Gustaf Allan Lindh English

1948

2000

INTERWIEV with GUSTAF ALLAN LINDH - OLYMPIC GOLDMEDALIST from LIDENSBODA in MEDELPAD, SWEDEN

Gustaf Allan Lindh, registered, Gustav Allan Lind, was born on the 21st of May 1926 in the village Lidensboda, northwest Medelpad, Sweden.. He won an Olympic gold medal in winter-pentathlon during the 5th Winter Olympics 1948 held in St Moritz. Through this achievement he became the first and remains to this day, the sole Olympic gold medallists in this category.  Winter pentathlon was a demonstration sport at the 1948 Winter Olympic and was not continued.

 

Already by the age of 17, young Gustaf travelled to Östersund and enlisted at the Royal Norrland Artillery Regiment (A4) in spite of the raging world war. Gustaf attended voluntary-, constable- (corporal?) and sergeant academy which provided him with good opportunities for athletic practises during the winter season. In 1947 he was elected to join the Olympic team after winning SM in winter pentathlon.

 

Winter pentathlon consisted of five categories, cross-country skiing 10km, shooting, downhill skiing, fencing and horse riding. The stars of that time were, Wille Grut, Claes Egnell and Bertil Haase, some counting as much as ten years senior to Gustaf. In total 14 delegates participated. Sweden managed to claim all medals, gold, silver and bronze!

 

Gustaf left the military during the fall of 1948 when the contracted four years’ time expired and after finishing an education at Tekniska Fackskolan,in Sundsvall he began a career in construction. His main orientation being power lines which resulted in some years in the United States. Gustaf continued to train and competed until 1954 when he sustained a jaw injury as a result of him falling from his horse. The accident sadly marks the end of his competitive career. Gustaf Allan Lindh passed away the 3rd of September 2015 in the municipality of Järfälla right outside Stockholm.

Interview - Swedish Audiofile

The interview (60 minutes) was conducted on Friday the 28th of January 2000 in the home of Gustaf Allan Lindh in Järfälla municipality by Arne Johansson, Järkvissle. The interview was originally recorded on a cassette tape. ©Production: Järkvissle Film & Media, 2021.

GUSTAF ALLAN LINDH – GOLDMEDALIST FROM LIDENSBODA, MEDELPAD, SWEDEN

The interview (60 minutes) is conducted Friday the 28th of January 2000 at the home of Gustaf Allan Lindh in Viksjö, Järfälla by Arne Johansson, Järkvissle. Translation: Yiyi Olivia Altin. The transcription is authentically conducted by Yiyi Olivia Altin. Subheadings have been added to facilitate the read. Production: © Järkvissle Film & Media, 2021.

Background

  • I have now continued my interview journey and have today landed in Viksjö, Järfälla. More precisely Slåttervägen 44, at the home of Gustav Allan Lind. Today is Friday the 28th of January, 2000 and the time is five to twelve. The weather is beautiful, and much like this spring weather is how I picture it during the Olympics in St. Moritz 1948 as it too was held in the Spring?
  • Well, I cannot recall the date exactly but it was proper winter-weather and the sun was shining.
  • We will arrive at the competitions later, however, I would like to ask you as I always start my interviews to keep track of information, dates and such. When are you born?
  • I am born the 21st of May, 1926.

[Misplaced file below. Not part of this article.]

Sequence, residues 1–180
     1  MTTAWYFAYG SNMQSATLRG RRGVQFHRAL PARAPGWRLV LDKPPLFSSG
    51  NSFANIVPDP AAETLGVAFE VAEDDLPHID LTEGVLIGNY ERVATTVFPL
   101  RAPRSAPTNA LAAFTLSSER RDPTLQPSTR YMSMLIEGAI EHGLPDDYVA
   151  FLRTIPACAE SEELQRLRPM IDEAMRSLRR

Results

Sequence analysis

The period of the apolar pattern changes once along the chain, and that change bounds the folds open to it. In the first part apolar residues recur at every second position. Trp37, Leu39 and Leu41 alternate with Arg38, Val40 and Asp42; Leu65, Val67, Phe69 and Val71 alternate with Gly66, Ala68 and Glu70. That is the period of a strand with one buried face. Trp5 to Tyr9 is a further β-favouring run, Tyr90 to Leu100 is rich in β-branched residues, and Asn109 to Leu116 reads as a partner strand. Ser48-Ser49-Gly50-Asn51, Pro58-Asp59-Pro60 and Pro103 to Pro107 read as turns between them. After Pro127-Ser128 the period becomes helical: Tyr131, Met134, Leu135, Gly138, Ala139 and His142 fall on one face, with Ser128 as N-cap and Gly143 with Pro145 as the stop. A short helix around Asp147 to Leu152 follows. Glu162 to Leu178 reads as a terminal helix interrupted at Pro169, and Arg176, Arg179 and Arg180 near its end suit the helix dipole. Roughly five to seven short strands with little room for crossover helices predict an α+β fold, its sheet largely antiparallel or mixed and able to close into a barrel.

• Where was it?
  • In Lidensboda.
  • What were the names of your parents?
  • They were called Gustav Lind and Magdalena Lind.
  • And your mother was born? I am thinking about her maiden name.
  • Her maiden name was Linde.
  • Was she possibly related to Nils Linde?
  • That was a brother of my mother who lived in Järkvissle.
  • One always has to conduct small detours, because the wife of Nils Linde, Regina Linde have I met several times and sheared many talks with.
  • The cause for us sitting here today is that Helga Lind showed me two newspaper clips to my large surprise as I knew nothing of this previously. It was of you participating in the Olympics in St. Moritz 1948. And it is in regards to which I am curious since the idea is to write an article in Lindens Tidning. Please do tell how in the world you ended up at the Olympics!

 

Why the Olympics?

  • Well, I enlisted during the fall of 1943 at A4 in Östersund. There were two boys from Boda that biked down to Bispgården, to then take the train down to Östersund.
  • Who was it more than you?
  • His name was Karl Henrik Johnsson. Unfortunately, he passed away three years ago. So, it went. Employment was scares at the time which led to a large enrolment from the smaller villages. That way one received further education. In Östersund we attended voluntary, corporal and furir (private first class) academy. It was during that time, with access to horses, shooting ranges and such that I began with winter-pentathlon in particular. There was both summer and winter-pentathlon but winter-pentathlon was more suitable for me as I was a poor swimmer and a slightly better skier.
  • Were you not afraid to enlist at 17 years old with a war raging in Europe?
  • It is true, it was during the war and for our second year of enrolment, when I attended corporal academy there was a winter manoeuvre in Dalarna. One was quite young but participated lightly, there was an overall tense atmosphere there.
  • What did your parents think about you enlisting?
  • Well, they did approve it at least. Although, they did not find it amusing, but as previously mentioned work was scares when one had finished school. At that time, school lasted for 6 years and then one had to find something.

The Siblings